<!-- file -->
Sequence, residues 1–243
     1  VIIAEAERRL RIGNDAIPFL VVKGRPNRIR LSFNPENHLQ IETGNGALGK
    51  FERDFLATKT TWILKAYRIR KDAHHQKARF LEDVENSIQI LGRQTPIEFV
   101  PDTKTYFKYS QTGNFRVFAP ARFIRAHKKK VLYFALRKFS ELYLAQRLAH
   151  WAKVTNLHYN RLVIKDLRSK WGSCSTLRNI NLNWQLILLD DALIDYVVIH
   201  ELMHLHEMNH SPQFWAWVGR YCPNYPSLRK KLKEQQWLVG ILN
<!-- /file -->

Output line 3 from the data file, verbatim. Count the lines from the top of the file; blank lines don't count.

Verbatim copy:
    51  FERDFLATKT TWILKAYRIR KDAHHQKARF LEDVENSIQI LGRQTPIEFV